When I spoke with a friend of mine, I had noticed she used sentences similar to "I need to go buy food."

Is it correct to say "to go buy," or should I say "to go to buy"?

I know that I could say "I need to buy food," but I think that in "I need to go buy food," who is speaking is putting in evidence s/he needs to go and that s/he cannot stay any longer, or that her/his time to stay is limited.

5 Answers 5


Go VERB is a colloquialism employed (apparently only in the US) to impart a little extra sense of energy and purpose to the plain VERB, as well as to indicate that VERB entails departure from the immediate situation.

It is employed only in the infinitive, never a finite or participial form. You would not say:

He goes buy food.
They went buy food.
We are going buy food.
They have gone buy food.

It is thus used with modal or semi-modal verbs, or as a complement or adjunct of purpose with lexical verbs, and invariably implies a future performance:

If you like, I can go get the dry cleaning now.
I would go gas up the car if I could find my keys.
John told Mary to go find the children.
Bill said he was going to go look up the address.
I'm putting on my coat right now to go shovel the snow off the driveway.


I would say (American English):

I'm going to buy food.
I {need to / have to / must} go buy food.

I don't know whether British English considers including a second to-infinitive grammatical or idiomatic, but I don't.

Many Americans would say:

I need to go and buy food.

I don't say or write that.

  • Is using "I need to go buy food" instead of "I need to go and buy food" something that could be noticed in specific places, or are both the sentences used, for example, in the same county?
    – apaderno
    Feb 25, 2013 at 15:20
  • The question of catenative verbs has come up recently in EL&U: tinyurl.com/ab49pbl. He seemed to want to go home is certainly a possible English sentence. There seems to be no grammatical reason why such a sentence should not be expanded to He seemed to want to go to buy some food. Feb 25, 2013 at 15:22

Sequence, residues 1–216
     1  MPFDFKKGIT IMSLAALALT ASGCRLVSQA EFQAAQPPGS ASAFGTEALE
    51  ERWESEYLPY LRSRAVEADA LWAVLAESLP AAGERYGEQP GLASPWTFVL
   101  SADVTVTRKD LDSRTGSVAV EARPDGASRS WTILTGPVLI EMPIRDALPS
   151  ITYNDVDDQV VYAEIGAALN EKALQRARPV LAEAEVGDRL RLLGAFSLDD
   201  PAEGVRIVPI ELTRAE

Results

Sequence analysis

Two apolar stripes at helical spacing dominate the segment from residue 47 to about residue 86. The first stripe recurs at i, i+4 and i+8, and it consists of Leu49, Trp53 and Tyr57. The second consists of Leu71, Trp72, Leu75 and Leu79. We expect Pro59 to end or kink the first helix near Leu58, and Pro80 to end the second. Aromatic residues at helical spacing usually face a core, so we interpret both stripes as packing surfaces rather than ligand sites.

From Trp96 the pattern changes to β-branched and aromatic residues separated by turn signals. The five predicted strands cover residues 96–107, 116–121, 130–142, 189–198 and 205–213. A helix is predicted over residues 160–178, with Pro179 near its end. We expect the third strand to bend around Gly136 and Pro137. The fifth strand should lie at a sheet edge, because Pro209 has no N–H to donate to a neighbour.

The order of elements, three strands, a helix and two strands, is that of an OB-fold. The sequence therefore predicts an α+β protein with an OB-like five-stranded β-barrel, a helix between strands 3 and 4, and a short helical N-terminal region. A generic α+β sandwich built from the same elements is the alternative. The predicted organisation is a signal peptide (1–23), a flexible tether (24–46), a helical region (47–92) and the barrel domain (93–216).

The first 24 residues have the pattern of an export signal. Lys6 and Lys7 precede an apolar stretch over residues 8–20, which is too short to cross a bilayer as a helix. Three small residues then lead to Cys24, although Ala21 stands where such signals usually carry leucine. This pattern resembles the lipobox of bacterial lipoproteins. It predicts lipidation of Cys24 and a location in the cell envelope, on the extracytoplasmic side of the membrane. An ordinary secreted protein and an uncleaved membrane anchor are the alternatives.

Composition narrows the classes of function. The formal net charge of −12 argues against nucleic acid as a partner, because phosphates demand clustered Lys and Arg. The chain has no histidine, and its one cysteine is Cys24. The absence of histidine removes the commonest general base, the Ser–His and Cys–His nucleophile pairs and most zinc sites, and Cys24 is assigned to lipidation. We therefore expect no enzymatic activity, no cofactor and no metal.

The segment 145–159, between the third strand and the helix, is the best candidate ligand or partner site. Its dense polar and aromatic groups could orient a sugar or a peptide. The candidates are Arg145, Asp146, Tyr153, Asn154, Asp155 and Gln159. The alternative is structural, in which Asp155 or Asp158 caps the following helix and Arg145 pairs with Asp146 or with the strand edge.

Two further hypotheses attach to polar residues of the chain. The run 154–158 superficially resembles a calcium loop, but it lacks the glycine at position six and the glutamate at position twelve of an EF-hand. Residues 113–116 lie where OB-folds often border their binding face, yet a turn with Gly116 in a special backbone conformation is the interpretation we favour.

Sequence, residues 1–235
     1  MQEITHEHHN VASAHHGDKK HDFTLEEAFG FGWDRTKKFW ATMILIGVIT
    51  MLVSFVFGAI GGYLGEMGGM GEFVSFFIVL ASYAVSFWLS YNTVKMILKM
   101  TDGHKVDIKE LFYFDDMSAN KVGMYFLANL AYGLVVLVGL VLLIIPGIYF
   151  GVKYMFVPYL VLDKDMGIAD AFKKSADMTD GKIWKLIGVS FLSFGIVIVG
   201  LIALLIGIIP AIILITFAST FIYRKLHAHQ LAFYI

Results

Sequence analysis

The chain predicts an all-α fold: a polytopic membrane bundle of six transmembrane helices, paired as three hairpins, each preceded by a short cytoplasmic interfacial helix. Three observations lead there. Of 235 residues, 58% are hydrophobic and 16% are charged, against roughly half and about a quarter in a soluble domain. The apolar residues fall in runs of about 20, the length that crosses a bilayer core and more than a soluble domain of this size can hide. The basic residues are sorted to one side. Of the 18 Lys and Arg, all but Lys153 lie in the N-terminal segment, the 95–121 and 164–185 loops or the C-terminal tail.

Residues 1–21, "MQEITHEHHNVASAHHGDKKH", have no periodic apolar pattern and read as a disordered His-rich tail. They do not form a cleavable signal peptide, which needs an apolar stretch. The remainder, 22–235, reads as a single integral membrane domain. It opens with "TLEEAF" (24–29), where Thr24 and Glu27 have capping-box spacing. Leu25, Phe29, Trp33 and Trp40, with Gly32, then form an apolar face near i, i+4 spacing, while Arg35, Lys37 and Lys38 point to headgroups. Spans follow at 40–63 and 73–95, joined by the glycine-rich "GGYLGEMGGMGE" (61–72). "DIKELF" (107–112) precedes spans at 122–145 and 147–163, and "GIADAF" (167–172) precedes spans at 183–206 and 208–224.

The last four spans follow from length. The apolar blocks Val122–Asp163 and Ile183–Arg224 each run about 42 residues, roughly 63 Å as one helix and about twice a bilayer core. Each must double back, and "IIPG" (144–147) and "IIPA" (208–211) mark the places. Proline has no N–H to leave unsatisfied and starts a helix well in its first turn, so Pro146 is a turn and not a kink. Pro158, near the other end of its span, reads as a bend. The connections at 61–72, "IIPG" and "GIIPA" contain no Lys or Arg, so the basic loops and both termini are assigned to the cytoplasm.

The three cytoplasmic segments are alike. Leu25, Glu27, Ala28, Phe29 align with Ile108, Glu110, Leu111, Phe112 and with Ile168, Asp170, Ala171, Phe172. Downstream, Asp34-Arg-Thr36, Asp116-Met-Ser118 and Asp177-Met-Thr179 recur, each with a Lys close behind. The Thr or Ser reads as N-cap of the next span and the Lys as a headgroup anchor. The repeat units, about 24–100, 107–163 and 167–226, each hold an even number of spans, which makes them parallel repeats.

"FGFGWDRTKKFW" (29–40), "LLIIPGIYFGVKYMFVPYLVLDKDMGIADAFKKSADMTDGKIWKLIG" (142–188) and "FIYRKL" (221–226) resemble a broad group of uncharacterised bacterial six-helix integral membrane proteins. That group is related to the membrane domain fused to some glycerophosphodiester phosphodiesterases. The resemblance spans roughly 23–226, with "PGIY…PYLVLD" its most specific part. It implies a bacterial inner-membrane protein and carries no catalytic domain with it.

• @kiamlaluno: Both sentences are used in the same county, maybe even in the same family, maybe even in the same house. It's a matter of what one grows up saying & whether one accepts it as standard or as good enough. White Rabbit by Jefferson Airplane: "One pill makes you larger // And one pill makes you small // And the ones that mother gives you // Don't do anything at all // Go ask Alice // When she's ten feet tall".
    – user264
    Feb 25, 2013 at 16:17
  • @Barrie: My first instinct was that to go to buy some food was grammatical & probably more common in BrE, but I don't like it most of the time. It usually doesn't say what I mean or mean what I say if I use it without thinking about whether the second to-infinitive is really necessary.
    – user264
    Feb 25, 2013 at 16:20
  • Do you find it more palatable in the past tense? I went to buy some food, but the store was shut. Feb 25, 2013 at 16:38

Like the others, I'd also regard the "to" as extraneous. That said, once again, I can think of examples that might be exceptions to this generality.

Let's say I'm going to the market. Linda offers to go with me, but I tell her that she needn't feel obliged. However, there's one tidbit of information I'm unaware of: her pantry is low, and she needs to buy food anyway. The conversation might go something like this:

J.R.: Well, I'm off to the market.
Linda: Oh, I'll go with you.
J.R.: No, that's okay, you don't have to.
Linda: No, I need to go – to buy food.
J.R.: Oh! You need food anyway?
Linda: Yes, I do.
J.R.: I see. Let's go then.

I realize that I've changed the punctuation – some might call that a foul. However, in conversation, you wouldn't hear the dash, although Linda might insert a pause just before she clarifies why she needs to go.


I need to go buy food is definitely acceptable in casual, spoken North American English. I am not sure about British English, though. Such a statement often includes and, for example I need to go and buy food, in the same manner as Please try and come does.

Bill's answer is great, except that I am going to buy food does not have the exact same nuance as I need to go (and) buy food: the former shows intention, while the latter shows necessity.

As far as a more formal, grammatically-correct version of the latter, I like Bill's example sentences using must and have to.


To go buy food is not normal British English, but, as other answers have said, it seems to be used in American English. Speakers of British English would say I need to go and buy some food or simply I need to buy some food.

  • Would "I need to buy some food" imply the need of leaving between few minutes?
    – apaderno
    Feb 25, 2013 at 15:25
  • 1
    Not necessarily. I might say 'I need to buy some food, but I don't have to go straightaway.' Feb 25, 2013 at 16:00

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